Take a paper towel and soak it well with vegetable oil. Using a pair of tongs, coat all of the grates with the vegetable oil to prevent sticking.

Set the temperature for what you are cooking and close the lid. Make sure that you close the lid for at least 10 minutes before you start cooking.

When you place your food on the grill, have it ready to go before you open the lid. Open the lid for as short of time as possible and close the lid quickly.

Once you are done cooking, make sure that you turn all knobs to the off position and shut off the propane tank valve.

If you live near salt water you are going to want to get a cover for your grill to protect it from corroding salt air.

Sticky Grill

When grilling meat, sometimes it sticks to the grill even though you cleaned the grill thoroughly and oiled it well.

When grilling items that do not have any external spices or marinades, try spraying the meat with non-stick cooking spray before you place on the grill.

It will not only help keep it from sticking, but it will also help keep the meat from drying out.

When you go to turn it, if it still appears to be sticking, let it cook for a few more minutes until you can lift it with out any resistance.

Marinating Know How II

When marinating meat to grill, try to only marinate for a 1-4 hours before cooking.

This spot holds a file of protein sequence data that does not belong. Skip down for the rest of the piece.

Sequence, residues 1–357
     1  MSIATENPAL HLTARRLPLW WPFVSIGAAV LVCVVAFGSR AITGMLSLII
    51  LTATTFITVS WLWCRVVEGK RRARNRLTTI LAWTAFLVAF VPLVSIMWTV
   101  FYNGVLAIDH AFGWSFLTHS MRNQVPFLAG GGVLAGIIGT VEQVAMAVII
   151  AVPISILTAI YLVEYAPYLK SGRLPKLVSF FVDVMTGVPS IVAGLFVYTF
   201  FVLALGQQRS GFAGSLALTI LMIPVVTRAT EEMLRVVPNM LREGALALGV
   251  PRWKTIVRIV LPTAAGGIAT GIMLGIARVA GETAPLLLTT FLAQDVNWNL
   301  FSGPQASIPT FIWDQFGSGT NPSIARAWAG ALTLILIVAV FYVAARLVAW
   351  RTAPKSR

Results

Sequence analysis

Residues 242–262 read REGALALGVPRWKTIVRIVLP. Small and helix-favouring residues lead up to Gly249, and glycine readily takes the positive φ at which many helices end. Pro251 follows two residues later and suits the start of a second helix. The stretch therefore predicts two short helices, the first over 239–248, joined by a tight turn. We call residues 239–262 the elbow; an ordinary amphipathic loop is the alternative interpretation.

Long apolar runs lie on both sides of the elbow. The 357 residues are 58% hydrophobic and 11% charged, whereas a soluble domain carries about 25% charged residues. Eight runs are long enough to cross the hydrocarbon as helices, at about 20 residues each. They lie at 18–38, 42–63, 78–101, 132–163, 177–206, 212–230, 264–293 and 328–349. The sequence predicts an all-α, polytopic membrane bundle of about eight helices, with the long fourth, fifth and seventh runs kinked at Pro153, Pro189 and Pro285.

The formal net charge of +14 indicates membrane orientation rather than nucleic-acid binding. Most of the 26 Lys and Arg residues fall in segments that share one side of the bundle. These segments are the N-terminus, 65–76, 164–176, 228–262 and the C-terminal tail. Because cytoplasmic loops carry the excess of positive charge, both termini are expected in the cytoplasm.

If you are using acid based marinade, it can actually start breaking down the texture of the meat if you let it sit in the marinade for longer than 4 hours.

Acid based marinades would be marinades that include vinegar, lemon juice, or wine.

When grilling the marinated meat, apply extra coats of the marinade just before turning.

Do not add any more marinade during the last 5 minutes of cooking.

Toss any marinade that you have left over. Do not re-use marinade for another meal if it has come in contact with meat.

Grilled Corn

During the summer and late fall, corn is in abundance at the corner fruit stands and grocery stores. Everyone knows how to boil an ear of corn, but a great way to prepare corn is often overlooked. I grill mine year round. The house doesn’t get hot with the boiling water and steam and it gives the corn a great nutty flavor that you just can’t get any other way.

About 2 hours before you are ready to grill the corn, remove all of the husks except one layer. This will protect the corn from getting singed. Place the corn into a large tub filled with salt water. (1tbs salt per gallon) Let soak for 2 hours. This will help keep the corn from drying out as much while grilling.

Prepare your grill and preheat the coals to medium hot. Place the corn directly from the water onto the grill. Cook for 15-20 minutes turning often to prevent scorching.

When the corn is done, remove from the grill and using potholders or clean cloth gloves to protect your hands from the heat, remove the remaining husk and silk from the corn. Serve piping hot with herbed butter.